How to Foster a Culture of Communication in Your Organization

As you move up the hierarchy in an organization, you become less involved in day-to-day operations, including communicating with team members. To break down communication barriers and create a more cohesive and productive organization—and retain your talented employees—you need to find concrete solutions. Follow these steps to improve communication in your company.

The higher the position in your organization, the further away you are from day-to-day business. In many cases, you may even be removed by your co-workers, hindering collaboration without knowing it. These obstacles create opportunities for miscommunication and misunderstandings that can create tension in the workplace and ultimately be detrimental to your organization as a whole.

As a busy executive, one solution to these problems is to prioritize stronger communication practices across your organization. That doesn’t just mean that your door is always open. It means taking steps to show employees how to communicate effectively with each other and with colleagues upstream and downstream.

One of the main benefits of making sure your communication logs are solid is that you’re less likely to lose great performers. According to a report by Salesforce, employees who feel heard are nearly five times more likely to do their best work. This naturally makes them more inclined to stay with you because they feel they are an integral part of your solution, mission and culture. If you have remote workers, it’s better to communicate too much so that both in-person and remote workers feel connected to your company overall.

The good news is that you probably aren’t starting from scratch when it comes to creating sustainable communication in your organization. But you can always find ways to improve and give employees even more reasons to stay. You can start with the following recommendations to build on the communication methods already in place:

  1. Take on your role as a communications mentor.
    Leading by example is a proven way to inspire others to adopt your preferred communication methods. For example, let’s say you want your employees to feel comfortable providing proactive, thoughtful feedback. If you don’t do the same, your employees probably won’t either.

    As Gys Kappers, co-founder and CEO of Wyzetalk, writes in an article on corporate communications: “Simply flooding employees with information and expecting them to engage will not work.” offer internal communication strategy, do not hear from their employees and therefore do not retain them.”

    Fortunately, strategies like Kappers’ do not need to be heavily documented or overloaded with protocols. Instead, your strategy should start with the communication behaviors that you initiate and use on a daily basis. By asking for and responding to feedback, you can open the door to more knowledge sharing between everyone in your organization.

  2. Test different communication tools and channels.
    There is no one size fits all solution for corporate communications. Some teams enjoy using Slack, while others are content with myriad synchronous or asynchronous communication tools. It may be wise to research all possibilities and then try them one at a time to find out which communication system produces the best results for your team.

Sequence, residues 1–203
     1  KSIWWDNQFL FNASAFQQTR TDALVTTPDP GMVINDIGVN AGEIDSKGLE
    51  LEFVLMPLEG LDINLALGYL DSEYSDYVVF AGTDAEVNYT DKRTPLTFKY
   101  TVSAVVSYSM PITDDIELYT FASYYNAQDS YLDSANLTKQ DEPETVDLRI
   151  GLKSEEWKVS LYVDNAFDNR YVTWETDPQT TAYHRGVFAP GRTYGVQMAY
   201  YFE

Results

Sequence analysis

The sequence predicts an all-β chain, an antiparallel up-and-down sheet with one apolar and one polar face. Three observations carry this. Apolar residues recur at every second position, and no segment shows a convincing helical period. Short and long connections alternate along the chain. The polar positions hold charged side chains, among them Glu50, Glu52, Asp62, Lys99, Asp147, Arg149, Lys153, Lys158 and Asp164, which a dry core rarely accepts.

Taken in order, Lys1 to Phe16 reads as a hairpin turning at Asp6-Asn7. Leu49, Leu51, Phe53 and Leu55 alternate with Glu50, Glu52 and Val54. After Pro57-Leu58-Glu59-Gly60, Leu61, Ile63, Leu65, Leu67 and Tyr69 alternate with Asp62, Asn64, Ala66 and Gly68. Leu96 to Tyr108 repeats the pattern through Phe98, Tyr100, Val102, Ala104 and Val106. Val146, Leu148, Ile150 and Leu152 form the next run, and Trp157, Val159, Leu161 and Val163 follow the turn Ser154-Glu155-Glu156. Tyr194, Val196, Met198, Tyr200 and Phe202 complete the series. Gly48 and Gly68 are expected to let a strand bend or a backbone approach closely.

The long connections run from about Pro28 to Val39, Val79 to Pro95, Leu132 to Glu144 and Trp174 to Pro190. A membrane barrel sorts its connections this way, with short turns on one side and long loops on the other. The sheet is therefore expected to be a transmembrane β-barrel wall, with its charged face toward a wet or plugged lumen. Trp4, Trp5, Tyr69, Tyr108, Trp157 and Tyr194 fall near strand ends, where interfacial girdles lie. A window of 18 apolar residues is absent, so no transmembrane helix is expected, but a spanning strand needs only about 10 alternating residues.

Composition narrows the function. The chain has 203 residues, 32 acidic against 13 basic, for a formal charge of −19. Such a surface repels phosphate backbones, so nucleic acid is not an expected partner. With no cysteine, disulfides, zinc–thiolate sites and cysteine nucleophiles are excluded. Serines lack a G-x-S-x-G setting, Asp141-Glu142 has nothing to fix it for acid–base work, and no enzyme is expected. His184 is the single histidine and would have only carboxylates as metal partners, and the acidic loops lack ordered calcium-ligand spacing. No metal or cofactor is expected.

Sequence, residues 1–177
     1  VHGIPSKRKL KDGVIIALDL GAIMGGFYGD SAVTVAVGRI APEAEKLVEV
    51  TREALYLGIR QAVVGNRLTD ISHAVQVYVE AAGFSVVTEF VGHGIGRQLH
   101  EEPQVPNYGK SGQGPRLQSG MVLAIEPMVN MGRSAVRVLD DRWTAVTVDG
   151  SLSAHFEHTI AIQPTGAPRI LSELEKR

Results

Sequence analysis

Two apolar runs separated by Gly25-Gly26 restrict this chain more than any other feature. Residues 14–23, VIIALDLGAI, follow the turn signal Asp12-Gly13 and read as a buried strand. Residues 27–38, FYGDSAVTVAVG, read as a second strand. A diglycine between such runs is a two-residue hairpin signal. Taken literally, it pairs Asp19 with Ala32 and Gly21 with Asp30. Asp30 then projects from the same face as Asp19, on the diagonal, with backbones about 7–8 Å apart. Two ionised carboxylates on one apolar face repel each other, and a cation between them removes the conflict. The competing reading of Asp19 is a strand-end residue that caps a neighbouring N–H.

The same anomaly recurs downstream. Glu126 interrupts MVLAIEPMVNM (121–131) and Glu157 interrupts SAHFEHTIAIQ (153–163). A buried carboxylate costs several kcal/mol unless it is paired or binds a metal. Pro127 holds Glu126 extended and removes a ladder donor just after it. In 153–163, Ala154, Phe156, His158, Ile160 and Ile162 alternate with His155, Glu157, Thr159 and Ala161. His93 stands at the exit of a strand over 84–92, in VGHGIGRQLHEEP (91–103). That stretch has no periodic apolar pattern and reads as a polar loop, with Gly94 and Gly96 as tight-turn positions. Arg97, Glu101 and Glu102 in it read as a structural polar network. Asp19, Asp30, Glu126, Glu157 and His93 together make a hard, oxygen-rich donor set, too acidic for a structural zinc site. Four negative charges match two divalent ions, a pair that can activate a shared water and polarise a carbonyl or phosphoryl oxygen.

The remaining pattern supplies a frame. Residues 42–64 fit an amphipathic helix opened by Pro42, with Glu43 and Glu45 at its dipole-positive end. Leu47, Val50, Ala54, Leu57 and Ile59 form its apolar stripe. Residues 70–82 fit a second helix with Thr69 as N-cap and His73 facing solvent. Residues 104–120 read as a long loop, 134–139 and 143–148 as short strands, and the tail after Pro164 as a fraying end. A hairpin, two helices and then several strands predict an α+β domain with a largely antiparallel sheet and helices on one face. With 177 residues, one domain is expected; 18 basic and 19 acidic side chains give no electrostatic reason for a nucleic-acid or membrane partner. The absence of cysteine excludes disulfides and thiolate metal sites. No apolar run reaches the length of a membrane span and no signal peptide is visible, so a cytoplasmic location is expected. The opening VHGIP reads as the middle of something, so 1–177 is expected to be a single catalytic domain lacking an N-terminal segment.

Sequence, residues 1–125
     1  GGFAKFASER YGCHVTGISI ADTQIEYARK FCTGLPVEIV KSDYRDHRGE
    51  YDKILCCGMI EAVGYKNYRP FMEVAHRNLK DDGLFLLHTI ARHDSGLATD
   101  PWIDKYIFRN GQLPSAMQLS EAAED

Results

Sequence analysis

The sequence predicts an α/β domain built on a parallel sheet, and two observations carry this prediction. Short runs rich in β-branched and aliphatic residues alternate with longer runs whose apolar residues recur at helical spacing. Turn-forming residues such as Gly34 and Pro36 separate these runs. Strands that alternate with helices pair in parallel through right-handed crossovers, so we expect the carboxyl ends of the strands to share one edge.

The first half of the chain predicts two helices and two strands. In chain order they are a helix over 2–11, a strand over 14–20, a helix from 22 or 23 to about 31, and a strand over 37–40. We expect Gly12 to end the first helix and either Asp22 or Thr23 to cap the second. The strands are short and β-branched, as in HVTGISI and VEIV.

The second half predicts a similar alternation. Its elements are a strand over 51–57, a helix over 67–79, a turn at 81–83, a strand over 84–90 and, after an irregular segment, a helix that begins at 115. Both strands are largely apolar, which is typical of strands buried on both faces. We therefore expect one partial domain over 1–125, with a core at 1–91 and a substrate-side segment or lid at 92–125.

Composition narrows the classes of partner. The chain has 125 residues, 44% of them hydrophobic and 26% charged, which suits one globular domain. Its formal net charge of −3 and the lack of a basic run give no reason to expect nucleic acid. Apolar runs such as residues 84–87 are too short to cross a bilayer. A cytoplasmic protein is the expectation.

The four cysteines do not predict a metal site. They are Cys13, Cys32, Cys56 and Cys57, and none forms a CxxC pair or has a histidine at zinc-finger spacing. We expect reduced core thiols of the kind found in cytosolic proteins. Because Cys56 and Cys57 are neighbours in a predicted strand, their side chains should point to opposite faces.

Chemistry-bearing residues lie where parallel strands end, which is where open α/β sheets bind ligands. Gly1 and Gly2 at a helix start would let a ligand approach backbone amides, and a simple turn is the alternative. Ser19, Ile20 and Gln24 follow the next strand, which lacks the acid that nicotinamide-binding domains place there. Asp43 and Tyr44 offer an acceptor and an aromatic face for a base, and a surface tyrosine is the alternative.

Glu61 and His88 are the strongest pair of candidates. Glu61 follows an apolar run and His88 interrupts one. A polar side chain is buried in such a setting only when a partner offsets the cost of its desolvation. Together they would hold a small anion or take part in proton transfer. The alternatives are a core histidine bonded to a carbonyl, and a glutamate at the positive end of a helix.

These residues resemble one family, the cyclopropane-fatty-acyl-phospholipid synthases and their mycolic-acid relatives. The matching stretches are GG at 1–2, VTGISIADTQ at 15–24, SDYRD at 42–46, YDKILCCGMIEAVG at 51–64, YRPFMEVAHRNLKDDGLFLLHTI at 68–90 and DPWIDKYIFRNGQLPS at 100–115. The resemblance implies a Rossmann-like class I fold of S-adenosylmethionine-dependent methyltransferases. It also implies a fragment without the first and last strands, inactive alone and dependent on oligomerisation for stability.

Don’t overlook the channels you’re currently using. You may already have some communication channels in place that are underutilized. Case in point: your project management portal could be useful for promoting dialogue between teams and not just for organizational updates. Gallup research shows that 93% of workers feel that the communications they receive at work are not timely or accurate. So start looking for ways to improve the accuracy and reliability of your team’s messaging by giving team members communication options and educating them on the best ways to use these systems.

  3. Invest in the professional development of your employees.
    Sometimes people are not ready to communicate because they are not sure what to say. They might feel uncomfortable offering their insights for fear of being seen as uneducated, unskilled, or useless in certain areas. Consequently, you make decisions without their potentially valuable opinions.
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Fortunately, you can help everyone on your team feel more confident about working together by offering retraining and upskilling programs. You may also find that you improve your memory retention as you do so. In a LinkedIn survey, 94% of professionals said they would stay with an employer if the employer offered them regular learning and development opportunities.

The more know-how your employees gather, the more likely they are to speak up. You will not remain silent during brainstorming sessions. They might even offer to train their staff on their newfound discoveries. Ultimately, you will develop a workforce that is willing and eager to lead and communicate.

The possibility of freely exchanging information at any time via a large number of portals is an enrichment for every company. While you may not be able to sit down with every employee, you can certainly make sure everyone is heard. Your reward is fewer “loose ends” in communication and a company that operates with cohesion and productivity.

Written by Rhett Power.
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